Predictably, Suarez was equally indefatigable. His ability to spin on a peso was apparent again when a sharp turn led to a sliding Nathan Baker chopping down the Uruguayan. Gerrard defeated the excellent Brad Guzan from the spot.
Five minutes later, he denied Benteke a second goal and Villa the equaliser that would have elevated them from the relegation zone. "He can sense danger," rued Paul Lambert, who is in a perilous position. His mentor, Martin O'Neill, was sacked on Saturday, shocking the Scot, but Sunderland remain a point ahead of Villa. They led after an excellent first half, seemingly on course for a third successive win
Benteke was brilliant as the bulldozer, Ashley Westwood looking a precocious passer in the midfield. Villa went ahead through the Belgian's ninth goal in 10 games, driven in from 20 yards after Gabriel Agbonlahor met Westwood's pass on his knee.
For Villa, there was a depressing inevitability to what followed. Losing leads and conceding second-half goals have been themes of their season, just as an inability to deal with strapping strikers has been a constant in Liverpool's campaign. Benteke, who struck twice at Anfield in December, is among them; so, too, West Brom's Romelu Lukaku and Oldham's Matt Smith.
While Rodgers praised Carragher and Daniel Agger and despite his apparent interest in a No. 10, whether Hatem Ben Arfa, Henrikh Mkhitaryan or Christian Eriksen, it highlighted why his summer shopping list should be topped by a dominant defender.
So, too, should Villa's but their business depends upon their status. For the fifth time this season, they have dropped into the bottom three. As ever, Lambert pronounced himself unworried. "We don't look like a side that's down there," he said and, going forward, they don't. But the last time they played a league game outside the top flight, Gerrard was seven. Now they have seven games to ensure they are facing him again next season.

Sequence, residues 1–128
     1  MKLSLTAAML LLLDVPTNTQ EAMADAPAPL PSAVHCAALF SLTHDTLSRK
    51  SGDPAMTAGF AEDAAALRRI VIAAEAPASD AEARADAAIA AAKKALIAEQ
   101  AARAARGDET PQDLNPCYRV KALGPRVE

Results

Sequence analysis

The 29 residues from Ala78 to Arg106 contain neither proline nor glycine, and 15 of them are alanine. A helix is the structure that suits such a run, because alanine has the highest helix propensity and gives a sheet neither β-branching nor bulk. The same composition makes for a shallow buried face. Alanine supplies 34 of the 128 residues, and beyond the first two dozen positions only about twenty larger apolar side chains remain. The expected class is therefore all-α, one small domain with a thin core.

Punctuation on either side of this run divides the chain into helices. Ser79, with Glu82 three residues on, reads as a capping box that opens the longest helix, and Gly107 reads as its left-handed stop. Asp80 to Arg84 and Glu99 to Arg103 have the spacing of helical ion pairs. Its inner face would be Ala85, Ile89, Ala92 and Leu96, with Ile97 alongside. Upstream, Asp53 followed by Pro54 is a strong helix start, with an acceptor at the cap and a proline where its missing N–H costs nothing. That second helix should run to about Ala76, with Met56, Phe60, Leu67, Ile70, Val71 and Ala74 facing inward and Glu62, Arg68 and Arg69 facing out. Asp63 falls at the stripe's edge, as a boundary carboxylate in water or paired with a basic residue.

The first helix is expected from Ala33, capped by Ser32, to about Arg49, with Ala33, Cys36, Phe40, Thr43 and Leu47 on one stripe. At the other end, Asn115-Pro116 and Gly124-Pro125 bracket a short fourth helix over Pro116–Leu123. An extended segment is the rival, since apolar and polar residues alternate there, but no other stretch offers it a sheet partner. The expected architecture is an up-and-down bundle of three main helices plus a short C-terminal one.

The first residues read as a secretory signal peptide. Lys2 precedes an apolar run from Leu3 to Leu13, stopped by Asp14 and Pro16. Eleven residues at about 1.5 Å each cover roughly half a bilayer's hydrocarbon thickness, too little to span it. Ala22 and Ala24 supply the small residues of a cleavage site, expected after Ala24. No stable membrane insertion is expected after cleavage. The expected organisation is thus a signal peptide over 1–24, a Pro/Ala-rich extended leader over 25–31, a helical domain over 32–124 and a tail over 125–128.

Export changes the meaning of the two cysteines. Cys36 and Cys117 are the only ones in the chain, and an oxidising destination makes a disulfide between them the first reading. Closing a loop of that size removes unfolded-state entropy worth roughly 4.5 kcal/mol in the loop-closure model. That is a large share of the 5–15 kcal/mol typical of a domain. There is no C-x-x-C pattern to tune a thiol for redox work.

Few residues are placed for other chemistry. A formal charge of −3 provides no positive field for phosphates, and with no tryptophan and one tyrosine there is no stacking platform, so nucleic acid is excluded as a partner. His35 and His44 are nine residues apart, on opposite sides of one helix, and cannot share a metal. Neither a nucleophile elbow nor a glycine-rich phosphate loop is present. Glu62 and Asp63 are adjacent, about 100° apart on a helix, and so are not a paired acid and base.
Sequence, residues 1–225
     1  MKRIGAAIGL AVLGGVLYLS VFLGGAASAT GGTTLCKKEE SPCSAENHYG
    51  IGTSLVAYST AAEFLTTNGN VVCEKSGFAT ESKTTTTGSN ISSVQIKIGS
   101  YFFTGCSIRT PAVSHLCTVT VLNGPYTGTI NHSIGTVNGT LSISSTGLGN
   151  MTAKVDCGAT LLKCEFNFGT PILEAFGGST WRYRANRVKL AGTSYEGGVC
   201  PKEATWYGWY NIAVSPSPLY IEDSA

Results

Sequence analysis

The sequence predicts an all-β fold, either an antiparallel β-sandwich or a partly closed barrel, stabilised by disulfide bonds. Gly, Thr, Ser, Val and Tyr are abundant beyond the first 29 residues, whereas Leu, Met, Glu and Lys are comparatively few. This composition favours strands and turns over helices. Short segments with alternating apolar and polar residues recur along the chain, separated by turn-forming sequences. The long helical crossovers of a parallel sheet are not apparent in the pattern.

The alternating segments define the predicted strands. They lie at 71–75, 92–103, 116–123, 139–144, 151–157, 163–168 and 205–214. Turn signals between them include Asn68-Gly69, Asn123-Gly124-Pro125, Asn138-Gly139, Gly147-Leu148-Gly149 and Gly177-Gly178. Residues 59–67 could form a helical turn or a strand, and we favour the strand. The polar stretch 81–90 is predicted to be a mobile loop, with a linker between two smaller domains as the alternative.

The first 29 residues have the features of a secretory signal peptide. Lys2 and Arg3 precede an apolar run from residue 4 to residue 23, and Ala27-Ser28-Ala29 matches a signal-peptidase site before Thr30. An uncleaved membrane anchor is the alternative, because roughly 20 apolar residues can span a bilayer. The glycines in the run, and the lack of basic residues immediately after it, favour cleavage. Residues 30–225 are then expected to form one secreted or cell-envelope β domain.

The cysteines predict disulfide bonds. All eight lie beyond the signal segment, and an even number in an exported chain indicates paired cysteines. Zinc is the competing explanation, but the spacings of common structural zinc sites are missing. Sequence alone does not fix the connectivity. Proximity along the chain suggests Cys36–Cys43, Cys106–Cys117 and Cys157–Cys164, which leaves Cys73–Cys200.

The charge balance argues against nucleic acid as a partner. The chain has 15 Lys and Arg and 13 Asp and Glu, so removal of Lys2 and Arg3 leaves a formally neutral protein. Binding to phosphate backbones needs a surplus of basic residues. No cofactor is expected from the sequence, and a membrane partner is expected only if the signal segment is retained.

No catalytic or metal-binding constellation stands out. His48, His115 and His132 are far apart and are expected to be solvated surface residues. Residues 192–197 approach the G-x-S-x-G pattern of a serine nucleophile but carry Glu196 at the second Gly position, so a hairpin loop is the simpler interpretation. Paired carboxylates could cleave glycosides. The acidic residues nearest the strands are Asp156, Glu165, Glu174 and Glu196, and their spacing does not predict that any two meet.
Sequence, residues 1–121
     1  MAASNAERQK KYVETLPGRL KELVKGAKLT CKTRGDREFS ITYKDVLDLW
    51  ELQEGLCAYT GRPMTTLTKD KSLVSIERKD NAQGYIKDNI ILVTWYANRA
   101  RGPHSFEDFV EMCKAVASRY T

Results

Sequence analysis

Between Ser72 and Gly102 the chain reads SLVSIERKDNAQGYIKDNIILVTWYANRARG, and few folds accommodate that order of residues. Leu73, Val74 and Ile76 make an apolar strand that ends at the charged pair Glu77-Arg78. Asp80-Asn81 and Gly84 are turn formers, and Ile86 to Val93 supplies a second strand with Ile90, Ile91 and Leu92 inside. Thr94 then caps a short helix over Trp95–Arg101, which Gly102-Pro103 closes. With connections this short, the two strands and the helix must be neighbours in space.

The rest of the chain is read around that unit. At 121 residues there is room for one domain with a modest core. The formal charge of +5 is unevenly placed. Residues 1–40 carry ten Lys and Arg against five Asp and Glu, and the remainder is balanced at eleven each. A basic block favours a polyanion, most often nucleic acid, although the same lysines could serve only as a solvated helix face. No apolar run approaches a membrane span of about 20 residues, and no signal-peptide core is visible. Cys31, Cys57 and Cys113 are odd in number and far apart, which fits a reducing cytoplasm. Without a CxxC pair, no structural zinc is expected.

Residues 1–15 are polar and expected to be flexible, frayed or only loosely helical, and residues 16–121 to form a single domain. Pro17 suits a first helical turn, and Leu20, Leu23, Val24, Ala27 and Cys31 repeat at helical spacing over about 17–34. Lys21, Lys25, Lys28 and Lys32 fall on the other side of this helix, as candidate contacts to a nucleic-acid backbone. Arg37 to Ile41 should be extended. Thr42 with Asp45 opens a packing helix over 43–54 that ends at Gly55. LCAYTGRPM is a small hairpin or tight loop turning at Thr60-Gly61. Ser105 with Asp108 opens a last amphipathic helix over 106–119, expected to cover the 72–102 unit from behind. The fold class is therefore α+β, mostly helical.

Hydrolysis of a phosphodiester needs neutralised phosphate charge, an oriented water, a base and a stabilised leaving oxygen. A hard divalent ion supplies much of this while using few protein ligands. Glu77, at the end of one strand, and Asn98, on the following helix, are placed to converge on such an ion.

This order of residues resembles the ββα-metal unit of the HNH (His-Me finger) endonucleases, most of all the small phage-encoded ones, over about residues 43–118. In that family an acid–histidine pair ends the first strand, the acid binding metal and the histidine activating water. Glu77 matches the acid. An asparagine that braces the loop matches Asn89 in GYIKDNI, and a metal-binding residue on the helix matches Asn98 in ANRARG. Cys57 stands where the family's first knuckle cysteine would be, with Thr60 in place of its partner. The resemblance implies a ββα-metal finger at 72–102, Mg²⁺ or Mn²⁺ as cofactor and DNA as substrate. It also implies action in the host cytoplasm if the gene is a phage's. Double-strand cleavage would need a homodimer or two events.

MAN OF THE MATCH: Steven Gerrard. Seems to have got stronger as the season has got longer. He needed an injection in his heel in the build-up but was a commanding presence in the midfield.
ASTON VILLA VERDICT: Typical Villa. Some of their passing was excellent and they created a series of chances but they remain porous defensively and, whether with Baker's concession of the penalty or a strange, misplaced pass from Barry Bannan to send Suarez clear, they have a habit of gifting opponents chances. Saturday's game at Stoke looks huge for both teams.
LIVERPOOL VERDICT: After their inadequate display at Southampton and going a goal down, it was a fine response. Rodgers praised his players for their mentality and character and deflected talk of catching sixth-placed Everton but, like Villa, they looked susceptible at the back. The manager had sacrificed Daniel Sturridge, an unused substitute, to play a third central midfielder, in Henderson, and was vindicated.